The city also has several high-quality grocery stores that offer a wide variety of products, way more than we’re used to seeing in Ecuador. There were several Sorianas in the area, which is Mexico’s version of Safeway. But City Market was by far our favorite! It reminded us of a really nice Whole Foods.
Close to the airport
Mexico City is home to one of the busiest airports in the world, making it easy to travel to other parts of Mexico or beyond.
We don’t consider it one of the nicest airports for a variety of reasons, but you can go anywhere in the world from there so that’s nice.
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Mexico City Cons
One of the biggest drawbacks of Mexico City is gentrification.
Popular neighborhoods like La Condesa, Roma Norte, and Polanco have become more expensive because of urban renewal, which has brought in more foreign residents and digital nomads. As a result, the locals are being forced out, and they are not happy about it.
Some areas of Mexico City are seeing price increases, especially for housing. A lot of landlords are converting their rentals from yearly leases to short-term AirBnBs, which has created a shortage of long-term housing and driven up the cost of rent.
Mexico City is one of the most populated cities in the world with over 22 million people! That’s more people than the entire country of Ecuador, which only has 18 million.
Due to its high population, it is really crowded. The roads were packed with vehicles, the sidewalks were full of people, the restaurants often had waits even during off times.
The traffic in Mexico City can be terrible, especially during rush hour. This can make it challenging to navigate through the city, especially during rush hour. It took us almost as long to drive in the city as it took us to walk the same distance.
We didn’t realize how spoiled we are by living in Ecuador until we were driving home from the airport on Saturday morning and there were virtually no cars on the road.
Mexico City has a reputation for being unsafe, and while it is not as dangerous as some other cities in Mexico, it is still important to take precautions.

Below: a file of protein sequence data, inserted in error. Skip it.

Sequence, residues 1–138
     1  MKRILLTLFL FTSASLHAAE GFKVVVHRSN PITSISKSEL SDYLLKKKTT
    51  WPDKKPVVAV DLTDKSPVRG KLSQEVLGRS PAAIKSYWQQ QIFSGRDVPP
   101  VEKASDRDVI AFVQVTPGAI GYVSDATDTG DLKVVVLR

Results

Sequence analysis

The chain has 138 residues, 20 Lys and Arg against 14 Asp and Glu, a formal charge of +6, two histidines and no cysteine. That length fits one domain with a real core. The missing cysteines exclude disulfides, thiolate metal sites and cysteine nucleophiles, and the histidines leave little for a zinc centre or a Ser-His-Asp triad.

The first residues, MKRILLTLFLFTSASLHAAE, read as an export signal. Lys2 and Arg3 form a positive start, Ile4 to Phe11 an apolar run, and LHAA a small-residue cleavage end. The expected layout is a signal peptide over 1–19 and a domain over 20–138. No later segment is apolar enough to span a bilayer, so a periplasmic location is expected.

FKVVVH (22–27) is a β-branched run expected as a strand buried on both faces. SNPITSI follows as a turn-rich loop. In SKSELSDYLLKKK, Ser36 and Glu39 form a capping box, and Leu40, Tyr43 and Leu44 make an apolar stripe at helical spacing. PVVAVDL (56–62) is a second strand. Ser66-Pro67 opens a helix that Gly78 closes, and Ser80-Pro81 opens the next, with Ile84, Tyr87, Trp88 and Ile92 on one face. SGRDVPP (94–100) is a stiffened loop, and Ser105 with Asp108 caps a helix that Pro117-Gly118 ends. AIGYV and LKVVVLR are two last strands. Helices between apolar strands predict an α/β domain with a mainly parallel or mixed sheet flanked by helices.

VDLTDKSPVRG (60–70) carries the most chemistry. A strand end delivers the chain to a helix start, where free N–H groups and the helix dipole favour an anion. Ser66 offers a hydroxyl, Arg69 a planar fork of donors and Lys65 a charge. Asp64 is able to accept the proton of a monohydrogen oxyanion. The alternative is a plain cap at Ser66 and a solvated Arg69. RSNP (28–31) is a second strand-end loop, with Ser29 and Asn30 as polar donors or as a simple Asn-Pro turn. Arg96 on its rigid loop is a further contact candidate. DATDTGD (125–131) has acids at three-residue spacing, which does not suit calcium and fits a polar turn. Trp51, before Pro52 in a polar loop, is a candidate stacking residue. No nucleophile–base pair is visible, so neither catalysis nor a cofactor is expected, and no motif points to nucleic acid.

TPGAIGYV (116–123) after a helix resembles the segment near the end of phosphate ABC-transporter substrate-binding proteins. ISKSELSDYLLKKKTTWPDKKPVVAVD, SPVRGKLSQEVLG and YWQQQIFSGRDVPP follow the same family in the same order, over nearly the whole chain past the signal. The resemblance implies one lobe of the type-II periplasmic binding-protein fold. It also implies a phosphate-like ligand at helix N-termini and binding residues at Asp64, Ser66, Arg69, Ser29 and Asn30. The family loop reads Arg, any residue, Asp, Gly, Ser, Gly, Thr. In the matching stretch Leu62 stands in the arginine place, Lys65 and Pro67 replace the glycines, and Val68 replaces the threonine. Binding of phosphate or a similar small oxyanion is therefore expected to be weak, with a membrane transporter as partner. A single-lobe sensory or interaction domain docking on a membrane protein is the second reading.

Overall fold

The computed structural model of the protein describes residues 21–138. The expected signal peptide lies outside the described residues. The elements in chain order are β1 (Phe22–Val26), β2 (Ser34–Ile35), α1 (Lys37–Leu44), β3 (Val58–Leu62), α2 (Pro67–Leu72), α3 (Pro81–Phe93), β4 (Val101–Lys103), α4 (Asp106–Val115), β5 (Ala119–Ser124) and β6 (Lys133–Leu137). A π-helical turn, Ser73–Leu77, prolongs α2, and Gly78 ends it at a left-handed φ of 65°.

Crime rates are higher in certain areas of the city. Theft, pickpockets, robberies and even kidnappings do occur so travelers should be aware of their surroundings at all times.
Mexico City is located in an area that is prone to earthquakes. While the city has taken steps to prepare for earthquakes, they can still be quite devastating.
The newer condo buildings are built to modern earthquake standards, but the older buildings, especially in La Condesa and Roma Norte, are at higher risk of damage or collapse during a large tremor.
The water in Mexico City is not safe to drink, and travelers should stick to bottled water or other beverages.
Upon arrival, I sent our AirBnB host a message asking if the water was safe to drink in our super nice condo building. He replied immediately and said absolutely not. He even told us not to use it to brush our teeth, but we did anyway.
We always travel with our BeFree filtered water bottles from Katadyn so we can minimize our plastic water bottle use.
The city has a reputation for having a strong sewer smell in certain areas. This can be unpleasant for some travelers.
We noticed it in a lot of different areas, but we did walk 8 miles a day. It’s gross, but we’re used to it after living in Denver and Manta, Ecuador. If you spend any time in a big city, you’re going smell the sewers.
Smoking is still prevalent in Mexico City, and travelers who are sensitive to smoke may find it challenging.
We were really shocked by the sheer number of smokers. We saw people smoking while driving, walking, eating at streetside cafes, standing outside buildings and in every area we visited.
Smoking in Ecuador isn’t nearly as common. It’s more like the US where smoking isn’t nearly as common anymore.
Mexico City has a serious air pollution problem, and the air quality can be hazardous to health, especially for those with respiratory issues.
The sky is often yellow, and some travelers may experience symptoms like coughing, shortness of breath, or eye irritation.
We experienced ALL of those issues during our stay in Mexico City. In fact, we felt so horrible by our last day there that Amelia was convinced we were sick!
Within 24 hours of leaving CDMX, we both felt fine so we’re almost certain the air pollution was the main culprit, although allergies and the dry air could have been contributing factors.
It’s really unfortunate because we loved our time in Mexico City and we now understand why so many foreign residents have chosen to call it home, but the low air quality is enough to keep us from going back.
Overall, Mexico City has a lot to offer, from affordable living to friendly locals and great restaurants.
However, there are also some drawbacks to living in this bustling metropolis, such as the air pollution, traffic, and safety concerns.
You’ll need to weigh the pros and cons and decide if Mexico City is a good fit. You may find that the pros outweigh the cons, or you may decide that the drawbacks are too significant to overlook.
Watch Our Video About The Pros & Cons of Mexico City
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Hola todos! Welcome to my author bio page! Let's see. Where to begin... I grew up in the country on a lake outside a small Kansas farm town. As soon as I could, I got the hell outta there! Since then, I've lived and/or worked in Kansas City, Washington D.C., Denver, San Francisco, and Ecuador. I started and sold a dotcom, wrote a book about it, started a YouTube channel, and now I write a lot. Amelia and I have embraced the Unconventional Life and we want to help you do it, too!